Figure 3. Panel (a) is the schematic of the synthesis of plasmonic nanopores process. SEM image of the gold plasmonic nanopores is shown in panel (b). Panel (c) represents SERS spectra of A translocating through gold plasmonic nanopores with a bias potential of −1 V, from low to high 10−9 to 10−4 M, respectively. Panel (d) represents the SERS-based nonresonant molecules detection of the four nucleobases (G, A, T, and C). The scheme of measurement setup (inset). Reprinted (adapted) with permission from ref.[64], Copyright 2019 American Chemical Society. Panel (e) shows the Au nanostars are functionalized with a Cy3-tagged beacon DNA, creating the SERS-active nanostar probes (B), and then hybridized with a complementary oligonucleotide (B + C). Upon exposure to the viral RNA targets, the complementary oligonucleotide dehybridizes from the beacon and hybridizes with the viral RNA (B + C + T), returning the beacon to its original hairpin conformation and leading to SERS signal recovery (B + C + R), Panel (f) is the SERS signal “ON-OFF-ON” switching: ON with beacon in hairpin conformation (B); OFF when the beacon is hybridized with 500 nM complementary oligo (B + C); then ON again upon exposure of SANSPs to 500 nM target viral RNA (B + C + T); Signal recovery was not observed after a random RNA sequence (500 nM) was introduced (B + C + R). Reprinted (adapted) with permission from ref.[68], Copyright 2020 American Chemical Society.
    Recently, Kim et al.[65] developed a SERS-based plasmonic biosensor for the label-free multiplex detection of miRNAs (miR-10b, miR-21, and miR-373), which are relevant to cancer metastasis. The SERS-based nanoplasmonic biosensor was fabricated with the application of a head-flocked gold nanopillar substrate and a complementary DNA probe platform was used for selective targeting of miRNAs with an extremely low detection limit, low signal fluctuations, and high signal stability. The label-free SERS nanoplasmonic biosensor was used to discriminate between target miRNAs (miR-10b, miR-21, and miR-373) by performing the SERS signal measurement according to the hybridization process with ultra-high sensitivity (LODs of 3.53 fM, 2.17 fM, and 2.16 fM, respectively). According to the report, this plasmonic biosensor offers many advantages such as label-free detection, high selectivity, high sensitivity, and multiplex detection capability.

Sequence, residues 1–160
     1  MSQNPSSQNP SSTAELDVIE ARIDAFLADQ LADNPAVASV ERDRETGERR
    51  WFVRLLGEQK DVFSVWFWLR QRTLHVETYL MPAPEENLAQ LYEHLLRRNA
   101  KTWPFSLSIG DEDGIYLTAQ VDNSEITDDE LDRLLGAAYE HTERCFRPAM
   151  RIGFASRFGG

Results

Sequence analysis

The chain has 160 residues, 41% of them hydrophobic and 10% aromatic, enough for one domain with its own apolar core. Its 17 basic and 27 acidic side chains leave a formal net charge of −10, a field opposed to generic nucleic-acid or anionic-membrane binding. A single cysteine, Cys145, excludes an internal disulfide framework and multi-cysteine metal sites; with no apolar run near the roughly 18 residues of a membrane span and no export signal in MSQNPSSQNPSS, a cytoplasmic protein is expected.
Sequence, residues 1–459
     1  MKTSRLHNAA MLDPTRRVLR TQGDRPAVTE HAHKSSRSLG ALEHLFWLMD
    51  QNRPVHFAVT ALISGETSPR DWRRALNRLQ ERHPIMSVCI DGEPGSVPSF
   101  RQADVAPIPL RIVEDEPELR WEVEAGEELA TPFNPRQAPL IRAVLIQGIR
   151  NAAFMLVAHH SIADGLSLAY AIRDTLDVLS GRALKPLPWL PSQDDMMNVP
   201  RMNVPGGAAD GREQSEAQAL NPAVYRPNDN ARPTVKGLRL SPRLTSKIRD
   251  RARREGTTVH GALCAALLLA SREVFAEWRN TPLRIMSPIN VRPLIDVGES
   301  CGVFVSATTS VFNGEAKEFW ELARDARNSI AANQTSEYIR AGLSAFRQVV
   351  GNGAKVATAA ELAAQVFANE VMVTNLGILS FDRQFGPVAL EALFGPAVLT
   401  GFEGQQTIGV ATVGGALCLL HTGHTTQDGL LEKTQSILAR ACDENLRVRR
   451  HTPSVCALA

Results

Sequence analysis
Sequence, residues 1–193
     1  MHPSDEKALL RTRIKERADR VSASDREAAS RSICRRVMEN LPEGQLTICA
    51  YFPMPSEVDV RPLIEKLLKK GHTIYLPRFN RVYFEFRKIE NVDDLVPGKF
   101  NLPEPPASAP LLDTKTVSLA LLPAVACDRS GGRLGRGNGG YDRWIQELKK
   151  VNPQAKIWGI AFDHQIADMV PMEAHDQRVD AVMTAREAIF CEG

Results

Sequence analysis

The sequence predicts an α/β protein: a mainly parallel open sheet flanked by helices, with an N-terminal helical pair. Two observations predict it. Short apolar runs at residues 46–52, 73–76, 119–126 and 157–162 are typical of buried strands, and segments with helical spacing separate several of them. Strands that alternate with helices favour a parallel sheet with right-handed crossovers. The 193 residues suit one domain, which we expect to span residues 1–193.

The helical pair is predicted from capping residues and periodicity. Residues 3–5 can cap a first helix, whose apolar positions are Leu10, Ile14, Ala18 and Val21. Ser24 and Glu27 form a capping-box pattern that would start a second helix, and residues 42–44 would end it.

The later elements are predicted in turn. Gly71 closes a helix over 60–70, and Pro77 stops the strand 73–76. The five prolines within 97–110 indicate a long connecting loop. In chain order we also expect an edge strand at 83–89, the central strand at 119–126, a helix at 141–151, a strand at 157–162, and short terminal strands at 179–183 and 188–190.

Several indirect sensing methods have been reported in the literature for improving the detection of oligonucleotides using SERS. In most of the SERS-based DNA/RNA sensors, a Raman tag is attached with the plasmonic nanostructures, and indirect highly sensitive, and highly reproducible sensing is performed. Indeed, sandwiched DNA/RNA structures where the movement of the Raman reporter or organic dye close to or away from the plasmonic nanostructure is realized by standard hybridization leading to a double-stranded DNA (or DNA/RNA hybridization) or by the formation or decomposition of a hairpin chain (stem-loop configuration) has been demonstrated by several groups[66][67]. The use of indirect approaches produces significantly high SERS signals for the detection of DNA with a notably low concentration (<10 fM), high sensitivity, specificity, and reproducibility[67]. The combination of the use of high-performing SERS substrates and specific DNA targets with Raman dyes can enhance the multiplexed detection capability of the SERS sensor and crucially, provide quantitative information[69]. In a recent paper, Fabris et al.[68] demonstrated the use of the SERS approach for intracellular monitoring of RNA mutations in the influenza A virus. Gold nanostars, functionalized with a DNA hairpin structure decorated with a Raman-dye was designed to selectively extend/fold in the absence/presence of the viral RNA targets. “OFF-ON” switching of the SERS signal was observed when the fluorophore was away from or close to the gold nanostar surface (Figure 5e,f). The degree of signal recovery correlated with the number of genetic mutations has been reported. The authors for the first time employed molecular beacon-based SERS probes to detect viral RNA targets in intact individual cells. Indeed, the experiments carried out with HeLa cells transfected with plasmids coding for either hemagglutinin (HA) segment or two other segments (negative controls) demonstrate the functionality of the molecular beacon-based SERS probes in intact individual cells with high sequence sensitivity. These results suggest the applicability of these probes for multiplexed detection and quantification of viral RNAs in individual cells, including the RNA from COVID-19, with an approach that can account for the viral population diversity.